The Power of the Incarnate

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As we welcome another New Year, we do so on the heels of a season commemorating the birth of Jesus. For the past few days I have been contemplating the power of the incarnate – God came to dwell in the flesh as a babe born in a manger. During a Christmas Eve service, my pastor used Moses as an example of one who demonstrated downwardly mobility. Born as an Israelite, but raised in the house of Pharaoh, he was provided the very best of everything – education, training, riches, power, and prestige. But as God would have it, through circumstances and calling, Moses fled Egypt where he encountered the Living God. God’s call on his life was to go back to Egypt, but no longer identifying with the house of Pharaoh, but rather, to identify with the Israelites, his people, who had been enslaved for over 400 years. Though reluctant, Moses did go, to which God used him to unfold one of the greatest recorded accounts we have of God miraculously saving His people from tumultuous times.

Thinking about Moses, I am moved by his willingness to forsake the only life he had only known to serve the great “I AM” and identify with the people of God, mere slaves who suffered terribly. I wonder, if I had been Moses, upon seeing the suffering of the Israelites and learning that I too was one of them, would I have been willing to stand on their behalf when it would cost me so much? Undoubtedly, we must admire the humility of Moses who was a faithful servant, but it is important to note that he pointed to a better promise to come – Jesus, who was “found worthy of greater honor than Moses” (Hebrews 3:3).

Jesus, a better Moses, the incarnate Son of God, who “became flesh and made His dwelling among us” (John 1:14). Though born as an infant just 2,000 years ago, Jesus has always been and is God as Hebrews teaches us:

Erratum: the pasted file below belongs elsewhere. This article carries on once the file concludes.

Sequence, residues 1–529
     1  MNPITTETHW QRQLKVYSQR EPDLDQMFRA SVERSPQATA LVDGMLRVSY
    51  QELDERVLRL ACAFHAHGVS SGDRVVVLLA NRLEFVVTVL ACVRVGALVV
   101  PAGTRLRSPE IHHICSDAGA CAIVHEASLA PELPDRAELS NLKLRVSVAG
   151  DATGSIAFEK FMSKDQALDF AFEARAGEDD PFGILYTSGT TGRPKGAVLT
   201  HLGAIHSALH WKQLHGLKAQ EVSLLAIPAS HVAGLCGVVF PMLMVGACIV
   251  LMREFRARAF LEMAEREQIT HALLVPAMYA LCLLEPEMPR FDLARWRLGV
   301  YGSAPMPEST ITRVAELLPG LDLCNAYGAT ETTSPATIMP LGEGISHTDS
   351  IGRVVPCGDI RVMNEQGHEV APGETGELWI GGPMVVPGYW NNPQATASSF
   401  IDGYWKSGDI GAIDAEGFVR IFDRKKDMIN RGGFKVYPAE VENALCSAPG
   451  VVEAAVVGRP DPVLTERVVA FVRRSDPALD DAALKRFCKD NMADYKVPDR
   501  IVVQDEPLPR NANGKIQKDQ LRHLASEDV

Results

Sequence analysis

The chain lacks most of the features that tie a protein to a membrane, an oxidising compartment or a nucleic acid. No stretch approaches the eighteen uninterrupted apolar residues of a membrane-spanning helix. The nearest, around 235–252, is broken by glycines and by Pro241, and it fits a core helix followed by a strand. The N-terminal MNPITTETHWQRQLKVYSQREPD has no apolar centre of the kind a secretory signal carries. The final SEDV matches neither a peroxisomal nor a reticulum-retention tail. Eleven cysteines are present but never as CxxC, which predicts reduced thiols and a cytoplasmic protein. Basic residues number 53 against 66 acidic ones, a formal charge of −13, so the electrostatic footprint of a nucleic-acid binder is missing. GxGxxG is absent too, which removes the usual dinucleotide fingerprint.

“In the last days He has spoken to us by His Son, whom He appointed heir of all things, and through whom also He made the universe. The Son is the radiance of God’s glory and the exact representation of His being, sustaining all things by His powerful word.” (Hebrews 1:1-3); and,

“For this reason He had to be made like them, fully human in every way, in order that He might become a merciful and faithful high priest in service to God, and that He might make atonement for the sins of the people. Because He himself suffered when He was tempted, He is able to help those who are being tempted.” (Hebrews 2:17-18).

The power of the incarnate is that the One true God emptied Himself of heavenly rights to identify with us, a people made to bear His image and likeness, but terribly marred by our rebellion against Him. Enter Jesus. Fully divine, for all things were created through Him; yet fully human, born of the Virgin Mary. Through the sinless life, death, and resurrection of Jesus, He came to offer us life, joy, and salvation to make us one with Him again. The incarnate Lord suffered on our behalf. Why? To bring us back to God!

In reflecting upon these truths, I believe there are two appropriate responses for each of one of us. One, do not harden your heart to this gospel message, but receive it with gladness and joy! His desire for you and me is that we turn from our rebellious ways and look to Him, the author and perfecter of our faith. And two, that in a manner much like Moses, let us remove our worldly garments and take on our new identity as servants called to the One true God as we live downwardly mobile lives pointing to the One found worthy of greater honor, Jesus.

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